7. AGP, another great podcast from the gang at Elevation Trail. When Gary was getting tough on Andrea I was starting to wince but she parried his jousts with aplomb. I was wondering if this was a bit of a setup with Gary playing the devil’s advocate like Tim says above. My opinion? Make the big races harder to get into…. seems to be a no brainer since we have the problem of too many entrants and too many dnfs. I feel that the folks at Hardrock are welcome to include/exclude any qualifier they want. I also think that trail maintenance is an excellent prerequisite for entry into any 100 miler. Seems like the big races get plenty of volunteers ( WS has to turn them away ) but I am sure the smaller races could use lots of help! Interesting comments from Gary about the value of a few experienced volunteers over the masses who just show up and stand around. ( Hab 4 Humanity was a great example ). Looking forward to the “all chick” podcast.

  8. I can sort of understand why HR wanted to call out Leadville, but in this case doesn’t it punish/inconvenience runners more than the race organizers?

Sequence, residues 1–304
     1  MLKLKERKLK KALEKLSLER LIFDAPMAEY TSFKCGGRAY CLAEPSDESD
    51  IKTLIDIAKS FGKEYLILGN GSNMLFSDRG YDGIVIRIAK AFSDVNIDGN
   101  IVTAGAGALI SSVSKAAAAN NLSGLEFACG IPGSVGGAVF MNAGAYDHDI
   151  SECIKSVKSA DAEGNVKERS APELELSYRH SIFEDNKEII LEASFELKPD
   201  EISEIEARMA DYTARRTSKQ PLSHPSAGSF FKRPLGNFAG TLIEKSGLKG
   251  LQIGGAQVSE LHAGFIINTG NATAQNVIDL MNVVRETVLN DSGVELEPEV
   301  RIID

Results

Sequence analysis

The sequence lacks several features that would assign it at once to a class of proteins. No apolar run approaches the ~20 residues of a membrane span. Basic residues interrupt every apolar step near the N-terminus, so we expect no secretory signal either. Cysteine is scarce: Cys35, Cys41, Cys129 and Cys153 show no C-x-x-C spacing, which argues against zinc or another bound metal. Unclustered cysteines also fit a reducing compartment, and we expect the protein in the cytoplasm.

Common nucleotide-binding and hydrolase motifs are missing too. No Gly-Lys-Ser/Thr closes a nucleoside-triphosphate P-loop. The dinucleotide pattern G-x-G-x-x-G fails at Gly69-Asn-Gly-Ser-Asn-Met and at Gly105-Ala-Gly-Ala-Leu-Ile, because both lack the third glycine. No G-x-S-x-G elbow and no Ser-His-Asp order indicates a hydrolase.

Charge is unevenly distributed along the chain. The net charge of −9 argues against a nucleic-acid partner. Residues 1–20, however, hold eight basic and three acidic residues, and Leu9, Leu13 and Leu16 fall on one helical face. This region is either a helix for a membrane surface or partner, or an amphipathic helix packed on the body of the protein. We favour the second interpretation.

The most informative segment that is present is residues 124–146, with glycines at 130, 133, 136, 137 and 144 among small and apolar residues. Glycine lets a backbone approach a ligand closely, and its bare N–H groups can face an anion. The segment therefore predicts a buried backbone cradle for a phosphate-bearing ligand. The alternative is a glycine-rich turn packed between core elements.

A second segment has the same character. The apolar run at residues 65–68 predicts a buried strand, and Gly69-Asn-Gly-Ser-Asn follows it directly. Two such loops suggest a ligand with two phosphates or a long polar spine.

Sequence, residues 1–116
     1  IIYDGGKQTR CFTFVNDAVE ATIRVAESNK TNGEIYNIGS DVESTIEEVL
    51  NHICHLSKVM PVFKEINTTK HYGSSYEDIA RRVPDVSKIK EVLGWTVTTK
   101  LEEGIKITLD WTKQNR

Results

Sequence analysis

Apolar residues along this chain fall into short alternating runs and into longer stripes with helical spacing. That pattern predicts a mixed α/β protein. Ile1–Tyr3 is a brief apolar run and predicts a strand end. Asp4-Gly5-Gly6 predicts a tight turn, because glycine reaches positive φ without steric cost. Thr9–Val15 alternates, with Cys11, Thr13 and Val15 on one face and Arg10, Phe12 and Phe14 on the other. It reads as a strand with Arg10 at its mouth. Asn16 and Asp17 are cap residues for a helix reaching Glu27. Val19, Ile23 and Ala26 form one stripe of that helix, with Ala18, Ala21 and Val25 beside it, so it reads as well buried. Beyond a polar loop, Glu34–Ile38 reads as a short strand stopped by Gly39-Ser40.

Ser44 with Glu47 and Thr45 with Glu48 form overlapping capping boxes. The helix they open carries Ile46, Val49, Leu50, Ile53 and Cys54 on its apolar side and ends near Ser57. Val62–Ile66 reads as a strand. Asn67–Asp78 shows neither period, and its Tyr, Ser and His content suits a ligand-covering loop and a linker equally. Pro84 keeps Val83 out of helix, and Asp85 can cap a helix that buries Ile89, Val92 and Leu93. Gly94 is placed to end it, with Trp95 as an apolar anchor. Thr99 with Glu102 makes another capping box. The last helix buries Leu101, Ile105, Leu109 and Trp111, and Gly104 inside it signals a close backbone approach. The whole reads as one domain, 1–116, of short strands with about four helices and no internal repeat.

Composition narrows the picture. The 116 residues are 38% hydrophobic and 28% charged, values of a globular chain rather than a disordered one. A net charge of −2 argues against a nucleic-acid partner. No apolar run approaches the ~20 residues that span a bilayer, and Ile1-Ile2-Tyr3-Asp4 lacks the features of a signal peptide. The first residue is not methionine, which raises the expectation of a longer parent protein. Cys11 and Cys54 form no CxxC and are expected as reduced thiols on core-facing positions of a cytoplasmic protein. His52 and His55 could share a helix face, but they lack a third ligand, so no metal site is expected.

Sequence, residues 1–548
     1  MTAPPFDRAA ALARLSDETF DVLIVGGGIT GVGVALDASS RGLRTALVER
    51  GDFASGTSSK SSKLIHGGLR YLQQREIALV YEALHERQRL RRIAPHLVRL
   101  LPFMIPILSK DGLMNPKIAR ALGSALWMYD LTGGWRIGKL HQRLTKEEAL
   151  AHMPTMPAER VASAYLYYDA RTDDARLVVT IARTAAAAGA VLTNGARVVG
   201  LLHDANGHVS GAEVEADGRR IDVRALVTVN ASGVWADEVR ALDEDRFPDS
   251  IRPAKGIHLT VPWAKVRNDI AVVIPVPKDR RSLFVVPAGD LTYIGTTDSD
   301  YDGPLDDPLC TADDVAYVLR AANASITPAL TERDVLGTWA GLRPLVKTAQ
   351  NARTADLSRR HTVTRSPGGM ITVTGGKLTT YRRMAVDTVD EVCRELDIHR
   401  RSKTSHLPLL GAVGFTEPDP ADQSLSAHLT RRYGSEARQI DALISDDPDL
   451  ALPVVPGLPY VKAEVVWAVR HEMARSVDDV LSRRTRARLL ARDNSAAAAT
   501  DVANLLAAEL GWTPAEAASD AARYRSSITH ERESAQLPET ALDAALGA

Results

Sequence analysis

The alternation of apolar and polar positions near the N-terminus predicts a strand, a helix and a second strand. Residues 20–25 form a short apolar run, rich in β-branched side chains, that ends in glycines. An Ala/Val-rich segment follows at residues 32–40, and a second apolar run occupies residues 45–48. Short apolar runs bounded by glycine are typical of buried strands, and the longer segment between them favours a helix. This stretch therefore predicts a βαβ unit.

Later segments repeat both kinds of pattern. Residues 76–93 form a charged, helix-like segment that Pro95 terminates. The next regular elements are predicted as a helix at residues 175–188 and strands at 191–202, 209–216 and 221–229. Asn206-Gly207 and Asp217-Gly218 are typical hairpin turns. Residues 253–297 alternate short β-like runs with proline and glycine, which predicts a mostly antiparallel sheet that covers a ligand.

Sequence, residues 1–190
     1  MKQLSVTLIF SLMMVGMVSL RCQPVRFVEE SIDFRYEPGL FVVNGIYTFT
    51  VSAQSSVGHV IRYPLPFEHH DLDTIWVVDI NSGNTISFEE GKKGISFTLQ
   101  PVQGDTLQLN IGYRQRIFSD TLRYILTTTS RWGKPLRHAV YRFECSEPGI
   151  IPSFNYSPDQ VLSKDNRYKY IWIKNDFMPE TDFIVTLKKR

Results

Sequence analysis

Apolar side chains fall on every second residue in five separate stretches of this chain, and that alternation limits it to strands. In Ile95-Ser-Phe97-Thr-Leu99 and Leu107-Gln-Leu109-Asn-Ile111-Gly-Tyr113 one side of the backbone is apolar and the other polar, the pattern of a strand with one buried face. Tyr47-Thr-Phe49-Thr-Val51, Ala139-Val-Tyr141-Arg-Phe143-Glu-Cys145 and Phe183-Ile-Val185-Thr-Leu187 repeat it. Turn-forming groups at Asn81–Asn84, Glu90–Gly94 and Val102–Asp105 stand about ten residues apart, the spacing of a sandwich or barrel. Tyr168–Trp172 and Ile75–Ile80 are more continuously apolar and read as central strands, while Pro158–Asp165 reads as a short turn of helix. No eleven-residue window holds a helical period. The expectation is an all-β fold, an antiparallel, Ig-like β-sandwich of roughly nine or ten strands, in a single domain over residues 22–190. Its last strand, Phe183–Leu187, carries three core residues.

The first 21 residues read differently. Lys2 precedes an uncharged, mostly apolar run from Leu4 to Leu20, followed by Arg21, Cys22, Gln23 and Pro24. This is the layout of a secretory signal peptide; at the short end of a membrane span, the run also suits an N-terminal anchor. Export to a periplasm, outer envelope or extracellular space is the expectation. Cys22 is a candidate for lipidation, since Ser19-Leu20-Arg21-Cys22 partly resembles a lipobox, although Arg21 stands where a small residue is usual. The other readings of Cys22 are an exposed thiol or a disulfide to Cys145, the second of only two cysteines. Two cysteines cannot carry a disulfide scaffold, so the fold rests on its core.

Looking forward to the all-chick show. 🙂 Safety on the trails is an interesting issue. On the trails I usually run, there aren’t many people, which makes me feel safe. If someone is going to hide out there waiting to harm someone, they are going to have to wait a loooong time for someone to happen by. I’m also not afraid of encountering a bear or moose (they are around, I just so rarely see them). By far the biggest danger is breaking an ankle/leg and getting hypothermia. HOWEVER, I have been on trails that are closer to civilization, where I’ve definitely gotten heebed out. Saw a naked dude walking around once, and a couple of other times guys that gave me a bad feeling. In cases like that I typically turn around and head back before they see me. On trails like that I also carry my keys as a bit of a weapon. I definitely give of a ‘don’t f-ing mess with me vibe’ too, which I’ve heard is helpful. On the whole though, I feel safer on remote trails than say running in the city at night, but certain trails are definitely sketchy even in daylight and just not smart at all in the dark.